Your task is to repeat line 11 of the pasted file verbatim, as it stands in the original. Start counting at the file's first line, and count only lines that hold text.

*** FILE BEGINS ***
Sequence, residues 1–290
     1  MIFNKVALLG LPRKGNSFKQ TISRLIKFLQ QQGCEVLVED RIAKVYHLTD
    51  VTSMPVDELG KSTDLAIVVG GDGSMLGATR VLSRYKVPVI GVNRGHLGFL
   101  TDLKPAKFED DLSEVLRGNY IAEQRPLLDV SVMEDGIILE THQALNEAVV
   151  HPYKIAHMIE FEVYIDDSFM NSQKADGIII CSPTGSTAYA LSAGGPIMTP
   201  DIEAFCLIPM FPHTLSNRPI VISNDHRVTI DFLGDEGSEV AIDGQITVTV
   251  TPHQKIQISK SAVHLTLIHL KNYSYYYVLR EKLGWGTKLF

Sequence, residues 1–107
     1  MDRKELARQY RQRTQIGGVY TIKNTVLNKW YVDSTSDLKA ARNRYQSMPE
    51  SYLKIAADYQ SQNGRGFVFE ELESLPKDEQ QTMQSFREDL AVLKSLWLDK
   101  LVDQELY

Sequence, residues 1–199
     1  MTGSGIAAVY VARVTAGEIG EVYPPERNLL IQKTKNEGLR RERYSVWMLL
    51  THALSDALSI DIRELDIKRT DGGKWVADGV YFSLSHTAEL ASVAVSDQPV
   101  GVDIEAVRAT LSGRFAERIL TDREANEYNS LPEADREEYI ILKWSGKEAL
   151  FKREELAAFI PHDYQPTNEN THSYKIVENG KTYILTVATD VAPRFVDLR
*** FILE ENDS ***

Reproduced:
   101  LVDQELY